Richard Lockwood wrote:
> Um - what are you suggesting as an alternative?

Read the 2nd URL.

In this day and age it *is* important to teach people about electronic security.

This "story" completely fails to do so.

Excerpt from that URL:
  Legitimate data recovery firms know that recovering data from a zeroed hard
drive is impossible. They will not take the challenge. Lastly, it is noble and
just to dispel myths, falsehoods and untruths.

Whilst it is true that someone with a scanning electron microscope or the
ability to build a HDD and the associated electronics by hand could
theoretically recover some data from a wiped disk I think (as you do) it's
reasonable to assume that a crook buying HDDs on eBay isn't likely to be
operating at this level.

I actually applaud the BBC/Which? research that found these un-deleted disks and
I grant you that most people are not capable of deleting files properly and need
to be educated. However, by promoting myths the problem is made worse. A far
better approach would have been to recommend any one of the numerous 'disk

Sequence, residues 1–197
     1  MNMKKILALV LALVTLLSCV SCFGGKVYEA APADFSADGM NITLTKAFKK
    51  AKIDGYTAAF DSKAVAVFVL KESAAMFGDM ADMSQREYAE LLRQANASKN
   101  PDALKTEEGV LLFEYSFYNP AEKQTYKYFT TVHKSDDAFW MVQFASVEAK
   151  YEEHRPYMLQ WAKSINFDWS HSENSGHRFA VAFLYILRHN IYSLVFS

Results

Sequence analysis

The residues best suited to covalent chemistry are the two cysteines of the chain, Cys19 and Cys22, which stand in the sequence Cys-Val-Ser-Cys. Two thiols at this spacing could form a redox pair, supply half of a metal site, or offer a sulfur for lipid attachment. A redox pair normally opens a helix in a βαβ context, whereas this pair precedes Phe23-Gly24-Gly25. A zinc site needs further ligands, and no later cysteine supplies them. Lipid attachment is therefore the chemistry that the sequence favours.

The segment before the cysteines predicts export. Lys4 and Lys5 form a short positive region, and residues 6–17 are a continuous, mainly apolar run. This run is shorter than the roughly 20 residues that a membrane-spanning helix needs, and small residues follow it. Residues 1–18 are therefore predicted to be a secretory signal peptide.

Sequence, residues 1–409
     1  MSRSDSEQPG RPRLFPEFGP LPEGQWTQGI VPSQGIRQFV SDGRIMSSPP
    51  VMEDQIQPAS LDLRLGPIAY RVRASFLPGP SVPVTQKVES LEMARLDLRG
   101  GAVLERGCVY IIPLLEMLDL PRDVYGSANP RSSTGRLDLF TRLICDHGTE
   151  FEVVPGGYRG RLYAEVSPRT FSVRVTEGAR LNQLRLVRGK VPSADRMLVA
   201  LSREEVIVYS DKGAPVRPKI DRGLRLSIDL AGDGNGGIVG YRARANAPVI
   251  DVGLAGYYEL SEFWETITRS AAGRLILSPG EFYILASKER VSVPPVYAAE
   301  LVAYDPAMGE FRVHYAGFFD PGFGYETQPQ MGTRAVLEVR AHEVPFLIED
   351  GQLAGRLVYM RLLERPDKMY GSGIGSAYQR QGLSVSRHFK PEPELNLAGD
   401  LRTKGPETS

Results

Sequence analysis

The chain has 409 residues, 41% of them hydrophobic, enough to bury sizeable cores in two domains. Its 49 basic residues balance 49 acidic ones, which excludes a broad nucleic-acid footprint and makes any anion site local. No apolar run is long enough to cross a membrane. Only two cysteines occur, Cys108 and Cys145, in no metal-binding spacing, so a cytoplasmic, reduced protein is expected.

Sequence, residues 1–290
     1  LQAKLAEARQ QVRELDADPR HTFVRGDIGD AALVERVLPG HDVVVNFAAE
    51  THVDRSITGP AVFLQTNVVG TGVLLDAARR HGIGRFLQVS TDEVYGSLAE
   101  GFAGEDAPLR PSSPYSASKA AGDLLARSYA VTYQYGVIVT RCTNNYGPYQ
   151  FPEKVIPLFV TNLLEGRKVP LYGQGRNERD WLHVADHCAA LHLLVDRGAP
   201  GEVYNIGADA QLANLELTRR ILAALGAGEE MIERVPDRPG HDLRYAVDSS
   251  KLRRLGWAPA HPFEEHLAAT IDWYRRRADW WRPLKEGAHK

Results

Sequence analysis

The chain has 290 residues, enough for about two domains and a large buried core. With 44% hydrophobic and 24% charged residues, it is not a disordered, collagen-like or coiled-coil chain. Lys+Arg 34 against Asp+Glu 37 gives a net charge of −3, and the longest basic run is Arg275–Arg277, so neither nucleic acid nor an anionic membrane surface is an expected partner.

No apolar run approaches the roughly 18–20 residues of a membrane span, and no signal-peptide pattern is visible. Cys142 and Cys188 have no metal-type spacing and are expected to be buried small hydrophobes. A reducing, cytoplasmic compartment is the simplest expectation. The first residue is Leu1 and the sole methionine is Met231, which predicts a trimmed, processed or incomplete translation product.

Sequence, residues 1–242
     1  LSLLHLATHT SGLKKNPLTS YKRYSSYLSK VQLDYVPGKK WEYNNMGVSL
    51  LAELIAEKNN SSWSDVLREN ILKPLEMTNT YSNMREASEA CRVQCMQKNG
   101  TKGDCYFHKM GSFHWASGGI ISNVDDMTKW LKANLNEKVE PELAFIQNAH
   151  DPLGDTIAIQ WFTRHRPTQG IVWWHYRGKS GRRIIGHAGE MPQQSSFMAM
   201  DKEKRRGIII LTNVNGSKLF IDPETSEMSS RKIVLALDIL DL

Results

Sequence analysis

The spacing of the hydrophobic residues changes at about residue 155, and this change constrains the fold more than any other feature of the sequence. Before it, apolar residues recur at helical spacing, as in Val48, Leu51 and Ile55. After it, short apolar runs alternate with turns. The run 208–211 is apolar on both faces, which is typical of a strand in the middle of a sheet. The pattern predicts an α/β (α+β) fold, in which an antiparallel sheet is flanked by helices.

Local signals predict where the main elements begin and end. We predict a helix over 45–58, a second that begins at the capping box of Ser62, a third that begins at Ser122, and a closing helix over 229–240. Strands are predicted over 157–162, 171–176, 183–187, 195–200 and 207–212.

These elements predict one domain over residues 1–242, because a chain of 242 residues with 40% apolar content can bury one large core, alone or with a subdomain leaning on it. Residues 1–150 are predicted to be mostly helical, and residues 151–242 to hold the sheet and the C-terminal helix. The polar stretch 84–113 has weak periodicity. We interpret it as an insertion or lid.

wipers' such as:

There are charitable organisations all over the world who can reuse IT equipment
and despite caveats the BBC are promoting waste and pollution - the junk will be
put in the council bins and go to landfill - not be disposed of properly.

> It's more a question of "who would WANT to spend the hours putting a
> drive back together just to get access to your £500 overdraft
> facility" - ie a question of trouble / worth.

Agreed, but as the report showed - destroying them is *hard* and dangerous.
Simply erasing them is cheap and a lot safer!

*AND* you can donate them to charity.

> Me, I reformat them,
And this is the flaw in your plan and the BBCs. "Reformatting" does not erase
data. The BBC completely failed to say:
 "You may think that reformatting works - you really need to use a special disk
eraser such as dban - otherwise you could find your second hand sale costing you
more than you could imagine."

> Where's your problem?

I hope that answers you?


"Don't worry, you'll be fine; I saw it work in a cartoon once..."
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